10 Oct 2022

Auckland GP charged with wrongly prescribing ADHD medication

2:32 pm on 10 October 2022
Dr Tony Hanne

Auckland GP Dr Tony Hanne is also facing one charge of prescribing medication to someone close to him. Photo: Supplied

A leading ADHD general practitioner is accused of wrongly prescribing thousands of doses of Ritalin and other medication.

Ritalin and Concerta could only be prescribed by GPs if patients had a recommendation from a psychiatrist or a paediatrician.

Auckland GP Tony Hanne was charged with prescribing without one 5662 times and was at a hearing facing misconduct and malpractice charges before the Health Practitioners Disciplinary Tribunal today.

He was an expert in Attention Deficit Hyperactivity Disorder and well known by those in the field.

Medical Council professional conduct committee lawyer Belinda Johns said Hanne had been warned several times for incorrectly prescribing the drugs but had continued to do so.

He was a passionate ADHD expert, clearly respected by those in the field and his grateful patients, she said.

But that did not absolve him of his responsibilities, she said.

"Any expertise Dr Hanne may have in the areas of ADHD does not put him above the law or allow him to flout the rules," she said.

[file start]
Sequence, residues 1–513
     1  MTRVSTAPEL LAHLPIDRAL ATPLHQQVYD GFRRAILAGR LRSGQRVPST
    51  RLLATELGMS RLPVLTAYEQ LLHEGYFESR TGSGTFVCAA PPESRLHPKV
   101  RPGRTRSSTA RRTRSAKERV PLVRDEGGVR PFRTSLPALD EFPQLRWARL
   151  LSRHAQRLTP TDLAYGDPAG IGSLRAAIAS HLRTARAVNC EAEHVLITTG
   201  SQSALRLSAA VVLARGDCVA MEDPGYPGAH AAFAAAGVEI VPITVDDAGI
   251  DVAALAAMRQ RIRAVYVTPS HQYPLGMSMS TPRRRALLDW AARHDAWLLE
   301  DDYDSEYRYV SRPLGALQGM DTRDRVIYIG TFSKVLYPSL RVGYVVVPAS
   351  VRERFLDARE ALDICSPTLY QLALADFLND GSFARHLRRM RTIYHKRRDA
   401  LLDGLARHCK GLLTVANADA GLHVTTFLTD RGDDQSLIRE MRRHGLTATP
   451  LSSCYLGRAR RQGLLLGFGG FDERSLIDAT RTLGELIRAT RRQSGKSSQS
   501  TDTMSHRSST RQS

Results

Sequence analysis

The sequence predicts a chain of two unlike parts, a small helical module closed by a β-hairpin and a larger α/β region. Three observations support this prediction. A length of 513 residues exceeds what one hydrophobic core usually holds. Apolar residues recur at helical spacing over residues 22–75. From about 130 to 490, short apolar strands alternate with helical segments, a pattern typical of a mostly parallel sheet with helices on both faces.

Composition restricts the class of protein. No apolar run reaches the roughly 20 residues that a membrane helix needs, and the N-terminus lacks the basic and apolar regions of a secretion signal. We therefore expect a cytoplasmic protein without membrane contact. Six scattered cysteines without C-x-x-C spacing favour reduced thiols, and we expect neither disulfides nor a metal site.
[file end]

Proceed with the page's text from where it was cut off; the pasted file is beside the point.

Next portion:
The medications were class B controlled drugs under the Misuse of Drugs Act.

They were used to increased attention and decrease impulsivity for those with ADHD, but the flip side was they had addictive qualities and could be abused for nonmedical use, Johns said.

The tribunal was told how Hanne had an arrangement with a psychiatrist to get sign off for the prescriptions, without the specialist actually having seen the patients.

He also sometimes prescribed without even that level of approval.

Hanne's defence team was expected to argue that the rules were unworkable and impractical for patients who must seek expensive specialist appointments to meet the criteria.

In questioning a pharmacist witness, Hanne's lawyer Harry Waalken asked if she knew Hanne was one of the biggest managers of people with ADHD in the country.

He asked her if she was the aware the condition could be debilitating for those living with it and that it could be difficult to get medication under the current system.

There would be evidence later from families struggling because of that, he said.

The government and other agencies are investigating the approval process needed for medication and whether it is a barrier to patients getting help.

Hanne also faced one charge of prescribing medication to someone close to him.

Several witnesses were being called for the prosecution, before Hanne's defence team would begin in a hearing expected to take two weeks.

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